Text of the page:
Pakistan and India’s 70 year old unresolved dispute

Pakistan and India's 70 year old unresolved disputeYOUNGER INDIANS AND Pakistanis tend to assume their countries were born enemies. Only the old recall that until their teenage years they were quite friendly. Ties of kinship were strong. India and Pakistan had inherited the same laws and institutions, and both were poor, multilingual and multi-ethnic. Their elites shared similar aspirations and spoke the same language, English, in addition to others that spanned the border, such as Urdu and Punjabi.

Pakistan’s gaunt, chain-smoking founding father, Muhammad Ali Jinnah, insisted that Muslims constitute a separate nation, but envisioned a secular state. He was no Sunni majoritarian. The Jinnah family were Ismailis, a subsect of Islam’s smaller Shia branch. His foreign minister was an Ahmadi, another small sect that some Muslims regard as heretical. His law minister was a Hindu, and both his second wife and his personal doctor were Zoroastrians. Jinnah owned a luxurious mansion in Bombay, where he spent most of his youth and career.

In the 1950s India and Pakistan amicably settled the tricky problem of properties abandoned by millions of refugees. In 1960 they signed a complex deal to share the waters of the Indus river, Pakistan’s lifeline; it has stuck ever since. Pakistan’s national cricket team toured India in 1952 and 1960-61; the Indian one went to Pakistan in 1954-55. Until 1965 citizens of either country who wanted to visit the other could get visas on arrival.

There are many reasons why the ungainly twins drifted apart. In the initial division of spoils, India got more of the money. It also got land that Pakistan laid claim to. The big, rich princely state of Hyderabad and the tiny one of Junagadh had Muslim rulers but mostly Hindu subjects, and they were a long way from the rest of Pakistan, so India annexed them. Jammu and Kashmir presented the opposite problem: a Hindu ruler with mostly Muslim subjects. In late 1947 Pakistan sent guerrilla fighters to stir a Muslim uprising. The Maharaja invited Indian troops who ejected the intruders. The territory has been a bone of contention ever since (see article).

As the two countries matured, their political systems diverged. “They got the generals, we got the bureaucrats,” is how Indian wits put it. With a single brief interruption, India has sustained a noisy, wobbly and messy democracy. Its elected leaders, backed up by a powerful civil service and buffered by the sheer size and diversity of the country, have kept the army in check. Not so Pakistan.

The British Raj recruited hardest among the supposedly “martial races” of northern India, and deployed soldiers most heavily on the troubled Afghan frontier. So Pakistan, with a fifth of India’s population at partition, inherited 30% of the Indian army, 40% of the navy and 20% of the air force. Military spending ate up three-quarters of Pakistan’s first budget in 1948, notes Husain Haqqani, a Pakistani diplomat and author. The share has dropped, but Pakistan still has an oversized, pampered army.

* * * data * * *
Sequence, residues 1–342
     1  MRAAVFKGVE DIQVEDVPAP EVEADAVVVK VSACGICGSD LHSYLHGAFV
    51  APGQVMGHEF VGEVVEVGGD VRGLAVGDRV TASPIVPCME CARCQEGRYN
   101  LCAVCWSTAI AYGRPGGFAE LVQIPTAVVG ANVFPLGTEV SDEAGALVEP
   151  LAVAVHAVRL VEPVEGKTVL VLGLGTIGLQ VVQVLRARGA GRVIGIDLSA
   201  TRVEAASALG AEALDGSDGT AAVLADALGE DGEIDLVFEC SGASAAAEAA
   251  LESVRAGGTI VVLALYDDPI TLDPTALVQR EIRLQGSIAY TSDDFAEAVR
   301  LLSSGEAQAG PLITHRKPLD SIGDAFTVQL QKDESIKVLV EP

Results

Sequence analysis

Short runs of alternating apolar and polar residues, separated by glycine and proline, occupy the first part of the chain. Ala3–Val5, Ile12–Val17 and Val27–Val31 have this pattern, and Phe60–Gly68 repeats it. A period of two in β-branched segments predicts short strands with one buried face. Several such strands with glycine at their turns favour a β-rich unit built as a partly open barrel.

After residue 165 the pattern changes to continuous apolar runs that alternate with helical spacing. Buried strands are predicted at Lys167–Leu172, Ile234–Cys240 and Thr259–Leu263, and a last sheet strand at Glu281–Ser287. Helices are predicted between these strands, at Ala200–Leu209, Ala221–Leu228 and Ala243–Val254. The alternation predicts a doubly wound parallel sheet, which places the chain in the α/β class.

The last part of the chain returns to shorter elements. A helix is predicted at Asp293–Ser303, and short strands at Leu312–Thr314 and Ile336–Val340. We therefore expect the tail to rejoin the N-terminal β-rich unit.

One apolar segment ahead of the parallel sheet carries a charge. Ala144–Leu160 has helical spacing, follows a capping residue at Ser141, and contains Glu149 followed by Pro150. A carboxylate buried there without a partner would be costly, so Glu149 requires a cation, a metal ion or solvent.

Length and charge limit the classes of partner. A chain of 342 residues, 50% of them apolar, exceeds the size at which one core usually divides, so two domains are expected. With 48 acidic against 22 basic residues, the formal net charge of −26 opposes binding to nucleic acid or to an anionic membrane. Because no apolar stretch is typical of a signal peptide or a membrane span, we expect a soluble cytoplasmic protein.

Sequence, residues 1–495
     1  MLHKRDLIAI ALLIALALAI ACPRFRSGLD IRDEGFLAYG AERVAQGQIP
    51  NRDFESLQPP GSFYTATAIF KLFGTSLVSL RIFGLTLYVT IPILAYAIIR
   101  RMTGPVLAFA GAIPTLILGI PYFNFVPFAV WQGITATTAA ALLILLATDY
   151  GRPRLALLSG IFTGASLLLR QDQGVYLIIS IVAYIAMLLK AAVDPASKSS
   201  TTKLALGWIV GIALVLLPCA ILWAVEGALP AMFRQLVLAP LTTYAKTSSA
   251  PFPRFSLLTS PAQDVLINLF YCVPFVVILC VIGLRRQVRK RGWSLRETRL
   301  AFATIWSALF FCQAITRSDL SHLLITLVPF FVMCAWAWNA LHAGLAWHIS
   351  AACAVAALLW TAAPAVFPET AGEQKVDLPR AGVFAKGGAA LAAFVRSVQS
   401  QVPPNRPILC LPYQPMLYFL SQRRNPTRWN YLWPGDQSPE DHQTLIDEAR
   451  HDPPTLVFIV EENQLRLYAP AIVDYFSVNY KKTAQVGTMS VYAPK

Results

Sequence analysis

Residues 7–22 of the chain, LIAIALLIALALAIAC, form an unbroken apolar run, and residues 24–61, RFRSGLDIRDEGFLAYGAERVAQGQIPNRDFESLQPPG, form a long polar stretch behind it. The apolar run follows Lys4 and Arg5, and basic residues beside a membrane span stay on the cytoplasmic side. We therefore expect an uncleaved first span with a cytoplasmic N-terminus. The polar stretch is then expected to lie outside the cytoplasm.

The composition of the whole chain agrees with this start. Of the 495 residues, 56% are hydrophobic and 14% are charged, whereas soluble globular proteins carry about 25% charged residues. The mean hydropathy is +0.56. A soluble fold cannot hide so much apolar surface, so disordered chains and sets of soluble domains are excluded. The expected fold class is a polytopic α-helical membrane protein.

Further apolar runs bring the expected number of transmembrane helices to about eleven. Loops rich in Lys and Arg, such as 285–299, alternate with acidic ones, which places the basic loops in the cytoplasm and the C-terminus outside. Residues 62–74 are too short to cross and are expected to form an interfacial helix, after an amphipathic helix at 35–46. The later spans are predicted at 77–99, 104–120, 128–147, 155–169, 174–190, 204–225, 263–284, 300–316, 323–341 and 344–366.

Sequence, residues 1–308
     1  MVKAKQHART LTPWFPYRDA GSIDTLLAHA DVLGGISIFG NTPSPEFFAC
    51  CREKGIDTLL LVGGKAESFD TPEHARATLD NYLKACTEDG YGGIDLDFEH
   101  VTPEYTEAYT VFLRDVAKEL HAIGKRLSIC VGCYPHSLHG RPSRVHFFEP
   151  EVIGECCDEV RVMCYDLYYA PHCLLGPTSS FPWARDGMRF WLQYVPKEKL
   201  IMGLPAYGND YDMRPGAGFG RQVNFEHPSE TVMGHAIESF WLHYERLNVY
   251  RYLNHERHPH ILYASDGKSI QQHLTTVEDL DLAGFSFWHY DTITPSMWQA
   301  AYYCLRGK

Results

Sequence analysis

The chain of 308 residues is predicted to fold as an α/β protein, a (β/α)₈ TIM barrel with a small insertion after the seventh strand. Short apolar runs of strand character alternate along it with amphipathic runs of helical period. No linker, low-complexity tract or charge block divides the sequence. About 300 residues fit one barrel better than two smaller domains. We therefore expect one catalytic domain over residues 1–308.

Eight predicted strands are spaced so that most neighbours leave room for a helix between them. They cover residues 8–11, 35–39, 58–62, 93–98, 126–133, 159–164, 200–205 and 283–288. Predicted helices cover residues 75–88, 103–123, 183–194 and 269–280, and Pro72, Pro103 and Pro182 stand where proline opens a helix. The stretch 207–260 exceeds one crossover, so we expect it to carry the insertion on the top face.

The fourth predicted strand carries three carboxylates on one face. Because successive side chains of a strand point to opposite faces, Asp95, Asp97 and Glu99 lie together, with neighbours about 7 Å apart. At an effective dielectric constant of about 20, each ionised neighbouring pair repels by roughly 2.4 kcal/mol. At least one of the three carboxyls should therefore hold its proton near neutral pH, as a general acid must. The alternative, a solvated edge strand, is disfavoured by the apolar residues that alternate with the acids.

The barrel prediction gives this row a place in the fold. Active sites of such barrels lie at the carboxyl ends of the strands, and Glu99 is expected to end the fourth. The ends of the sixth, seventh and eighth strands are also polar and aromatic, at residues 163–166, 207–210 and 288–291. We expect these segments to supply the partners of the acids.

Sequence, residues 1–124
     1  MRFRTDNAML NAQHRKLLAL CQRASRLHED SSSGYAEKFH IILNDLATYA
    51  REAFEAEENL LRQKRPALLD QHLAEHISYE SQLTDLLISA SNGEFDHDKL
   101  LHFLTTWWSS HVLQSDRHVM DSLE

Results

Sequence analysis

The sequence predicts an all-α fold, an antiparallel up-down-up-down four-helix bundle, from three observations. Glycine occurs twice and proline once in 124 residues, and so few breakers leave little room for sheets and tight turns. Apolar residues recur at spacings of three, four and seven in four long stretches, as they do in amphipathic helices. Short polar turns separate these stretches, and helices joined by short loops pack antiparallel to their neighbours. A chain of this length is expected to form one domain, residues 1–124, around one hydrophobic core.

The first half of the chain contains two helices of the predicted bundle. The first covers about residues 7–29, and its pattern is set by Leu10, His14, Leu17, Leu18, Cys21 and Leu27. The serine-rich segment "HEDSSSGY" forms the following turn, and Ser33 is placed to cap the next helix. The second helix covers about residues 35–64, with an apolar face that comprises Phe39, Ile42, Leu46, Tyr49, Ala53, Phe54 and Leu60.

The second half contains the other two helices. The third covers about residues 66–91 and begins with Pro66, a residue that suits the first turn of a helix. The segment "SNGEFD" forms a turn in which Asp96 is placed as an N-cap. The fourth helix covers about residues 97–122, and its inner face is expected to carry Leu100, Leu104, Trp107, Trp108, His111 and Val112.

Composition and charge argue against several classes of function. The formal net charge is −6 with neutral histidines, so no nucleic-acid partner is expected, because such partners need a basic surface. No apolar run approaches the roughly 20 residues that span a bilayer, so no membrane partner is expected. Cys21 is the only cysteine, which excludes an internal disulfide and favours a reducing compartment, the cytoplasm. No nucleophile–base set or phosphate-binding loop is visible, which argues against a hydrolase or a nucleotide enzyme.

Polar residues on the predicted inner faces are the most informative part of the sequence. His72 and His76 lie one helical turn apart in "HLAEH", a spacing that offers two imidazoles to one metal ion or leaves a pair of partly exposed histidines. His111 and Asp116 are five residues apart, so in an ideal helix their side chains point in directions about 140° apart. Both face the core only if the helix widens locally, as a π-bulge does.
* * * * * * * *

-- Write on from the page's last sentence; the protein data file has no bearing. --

Split in two, with the bulk of India in the middle, in the 1950s the country felt vulnerable. It was not surprising that Pakistan should fall into the cold-war embrace of America, which showered it with surplus weaponry from the Korean war. But the bonanza made the generals overconfident. In 1958 they toppled the civilian government. They began to dream of gaining full strategic parity with their much larger neighbour, but they lacked public backing for bigger spending and indefinite military rule. This they achieved by setting up India as a threat to the nation. In 1965 Pakistan again sent guerrillas into Kashmir. India struck back across the international border farther south. After some weeks of fighting both countries signed a truce. Pakistan gained nothing, but its army had proved that India was indeed an existential danger.

Five years later East Pakistan was growing restless. As a small guerrilla campaign grew in strength, with covert Indian help, Pakistan’s army launched a counter-insurgency so brutal and indiscriminate that it provoked a far bigger uprising. India formally entered the conflict in December 1971. In just 13 days its army, with the Bengali rebels, defeated Pakistan and took 90,000 prisoners. Bangladesh had won its independence.

The Bangladesh debacle carried the disgraced Pakistani army out of power, but only until the next military coup, in 1977. For his first two years in power General Muhammad Zia ul-Haq remained an international outcast. But when Russia invaded Afghanistan at the end of 1979, Pakistan gained an avalanche of aid from America and its allies, particularly Saudi Arabia.

General Zia tilted Pakistan sharply away from Jinnah’s dreamy secularism. Yet in many ways his embrace of conservative Sunni orthodoxy reflected tensions inherent in Pakistan’s “Islamic” identity. Even before he imposed a panoply of sharia punishments, Pakistan was renamed as an Islamic Republic in 1956, the Ahmadi minority was officially branded as non-Muslims in 1974, and alcohol was banned in 1977.

General Zia died in a mysterious plane crash in 1988, the year the Soviet Union withdrew from Afghanistan. But although Pakistan nominally returned to civilian rule, there was no real oversight over the sprawling military establishment. The army’s influence and the tentacles of the intelligence apparatus reached into the press, the courts, universities and private business. Bolstered by continued American support, the Pakistani army has been free to indulge its obsession with India ever since.

The Economist